Happy April, everybody!
Just before we get started: I was flicking through the stats with which Wordpress so kindly provides me, and found the feature that lets me see what people typed into Google to find the Shadows. These are some of the highlights over the past year. I’m a little concerned about the state of the world, frankly.
- ‘obi-wan coughing up blood’. Interesting that someone’s looking for specifically that. Is there an H/C niche readership I don’t know about?
- ‘operation knightfall fanfic’. Heads up, people, there isn’t any of that here.
- ‘theron shan fanfiction’. He is so far out of era for me it’s not even funny that Google took some poor person here for him. (We are talking three millennia out of era.)
- ‘ruth baulding’. I’m flattered by the conflation, but unsure how it happened.
- ‘fanfiction the silent song star wars’. Erin, is this one of yours that got lost?
- ‘star wars fanfiction obi-wan and siri tachi kissing’. Um. This was the mild one.
- Four more search terms along similar lines, all within the same week. Who is this crazy person who keeps looking for Siriwan fanfic using progressively more OOC search terms, and what do they expect to find? Dear crazy person: try Valairy Scot over on ff.n; she does a lot of that sort of thing. I don’t.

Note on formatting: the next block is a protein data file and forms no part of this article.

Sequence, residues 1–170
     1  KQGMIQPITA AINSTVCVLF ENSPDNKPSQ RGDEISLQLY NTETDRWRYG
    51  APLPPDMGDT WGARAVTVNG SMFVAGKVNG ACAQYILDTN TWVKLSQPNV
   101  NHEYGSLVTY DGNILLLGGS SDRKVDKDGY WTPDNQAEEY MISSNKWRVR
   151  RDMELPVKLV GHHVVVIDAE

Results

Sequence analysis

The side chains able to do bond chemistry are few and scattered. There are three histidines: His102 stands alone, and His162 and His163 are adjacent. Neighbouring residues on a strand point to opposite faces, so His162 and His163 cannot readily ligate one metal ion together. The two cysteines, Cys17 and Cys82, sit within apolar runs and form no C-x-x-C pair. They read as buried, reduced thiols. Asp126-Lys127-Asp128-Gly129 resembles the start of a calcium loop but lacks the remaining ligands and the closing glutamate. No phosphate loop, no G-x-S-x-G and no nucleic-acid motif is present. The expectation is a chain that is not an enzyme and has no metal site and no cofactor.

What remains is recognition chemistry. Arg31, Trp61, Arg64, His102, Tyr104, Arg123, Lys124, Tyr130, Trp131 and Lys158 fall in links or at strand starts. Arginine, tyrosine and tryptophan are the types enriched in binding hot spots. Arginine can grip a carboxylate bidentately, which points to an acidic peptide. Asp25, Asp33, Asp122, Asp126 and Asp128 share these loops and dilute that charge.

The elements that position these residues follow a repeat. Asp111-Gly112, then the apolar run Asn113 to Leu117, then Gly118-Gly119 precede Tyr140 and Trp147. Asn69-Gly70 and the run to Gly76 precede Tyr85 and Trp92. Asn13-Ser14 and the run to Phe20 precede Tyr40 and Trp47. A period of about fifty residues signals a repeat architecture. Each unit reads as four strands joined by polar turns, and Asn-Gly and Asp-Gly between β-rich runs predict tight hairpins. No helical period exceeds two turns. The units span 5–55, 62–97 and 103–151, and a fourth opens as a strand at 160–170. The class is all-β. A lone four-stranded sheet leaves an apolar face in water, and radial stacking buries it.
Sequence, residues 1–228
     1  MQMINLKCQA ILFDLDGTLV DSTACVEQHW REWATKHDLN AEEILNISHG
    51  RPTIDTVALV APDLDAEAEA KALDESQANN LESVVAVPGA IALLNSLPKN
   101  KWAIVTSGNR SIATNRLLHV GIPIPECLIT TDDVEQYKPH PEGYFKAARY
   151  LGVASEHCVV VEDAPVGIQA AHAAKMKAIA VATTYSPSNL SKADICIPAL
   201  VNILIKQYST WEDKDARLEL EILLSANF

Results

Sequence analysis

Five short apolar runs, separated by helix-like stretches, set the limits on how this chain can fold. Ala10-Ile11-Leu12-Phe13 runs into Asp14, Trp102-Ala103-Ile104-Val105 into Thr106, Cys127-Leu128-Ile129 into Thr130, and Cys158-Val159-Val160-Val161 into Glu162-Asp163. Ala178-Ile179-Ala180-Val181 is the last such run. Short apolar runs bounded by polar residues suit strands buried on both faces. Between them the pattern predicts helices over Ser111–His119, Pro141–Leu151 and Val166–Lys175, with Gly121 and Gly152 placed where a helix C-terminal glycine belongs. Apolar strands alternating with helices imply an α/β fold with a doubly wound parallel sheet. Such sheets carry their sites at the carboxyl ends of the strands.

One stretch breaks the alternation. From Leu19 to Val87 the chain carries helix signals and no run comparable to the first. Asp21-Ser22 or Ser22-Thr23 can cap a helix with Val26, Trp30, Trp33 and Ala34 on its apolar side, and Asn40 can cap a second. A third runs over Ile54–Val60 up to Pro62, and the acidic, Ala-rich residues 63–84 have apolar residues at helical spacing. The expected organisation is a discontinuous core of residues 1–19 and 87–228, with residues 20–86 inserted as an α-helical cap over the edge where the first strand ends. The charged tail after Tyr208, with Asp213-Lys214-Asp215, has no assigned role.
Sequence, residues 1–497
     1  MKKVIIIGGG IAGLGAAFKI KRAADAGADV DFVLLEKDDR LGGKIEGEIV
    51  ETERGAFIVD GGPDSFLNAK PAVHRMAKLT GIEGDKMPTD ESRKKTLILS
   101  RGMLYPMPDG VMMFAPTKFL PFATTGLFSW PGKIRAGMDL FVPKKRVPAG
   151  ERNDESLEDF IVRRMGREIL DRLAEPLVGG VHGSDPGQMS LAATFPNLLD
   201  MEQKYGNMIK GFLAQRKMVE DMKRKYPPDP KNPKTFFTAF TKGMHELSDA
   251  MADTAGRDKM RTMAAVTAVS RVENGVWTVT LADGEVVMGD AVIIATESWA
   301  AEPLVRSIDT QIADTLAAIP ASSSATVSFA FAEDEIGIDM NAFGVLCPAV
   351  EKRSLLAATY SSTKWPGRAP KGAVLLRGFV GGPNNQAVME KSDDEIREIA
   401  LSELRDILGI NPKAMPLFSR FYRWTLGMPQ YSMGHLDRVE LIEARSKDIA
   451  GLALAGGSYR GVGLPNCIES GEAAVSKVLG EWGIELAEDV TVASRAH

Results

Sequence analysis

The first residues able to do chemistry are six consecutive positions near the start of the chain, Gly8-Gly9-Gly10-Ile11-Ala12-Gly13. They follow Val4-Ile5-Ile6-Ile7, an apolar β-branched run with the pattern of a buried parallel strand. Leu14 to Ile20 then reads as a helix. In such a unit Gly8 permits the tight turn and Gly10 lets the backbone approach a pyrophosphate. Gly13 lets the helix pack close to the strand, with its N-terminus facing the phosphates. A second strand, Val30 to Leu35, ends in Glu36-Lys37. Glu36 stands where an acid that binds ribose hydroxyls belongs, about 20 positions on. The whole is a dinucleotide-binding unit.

- ‘halwaroh’. I know who you’re looking for, but the least you could do is spell it right.
- ‘313th battalion’. This is apparently someone who had been on the Shadows before, forgot the address, and had to ask Google for directions.
All this leads quite nicely into the actual point of this post, namely, The importance of tea in the fusion and diffusion of general angst. All the posts people found via Google were, to some degree, angsty or difficult. Bedtime Story was hard to write, and over a year later is still hard to read. Valentine, while mostly sweet, still dealt with falling in love and having to deny it, and the effects on people around you when you follow your heart instead of your honor. (It was also bally tricky to write because I didn’t have any personal experience on which to fall back.) On Loan included my youngest-ever kill: Corioli Rhindon, aged nine. The thing is, I do actually write nice stories as well. But nobody Googles those.
Fact of fiction: readers like angst. I don’t know what natural human instinct H/C and angst fic play on, just that they do. For some weird reason, people respond well to characters they love being put into really chizzky situations and having to find a way out. Or not. There is terrifyingly beautiful stuff out there where do or do not just ends in did not and your heart literally hurts from reading it.
This is why Karen Miller and John Jackson Miller and Karen Traviss and Jude Watson do so well. Because they knew how to inflict, believably, on beloved characters, and have the characters react equally believably, and it hurts, it hurts, it hurts.
But we were talking about tea, weren’t we? Making tea is diffusion: molecules of tea move randomly through water, driven by the concentration gradient between the tea leaves and the water, until at length the solution is as strong as you want it and you fish the leaves out. That’s tea.
Me, I have two uses for tea in-story, and one use for it out-of story.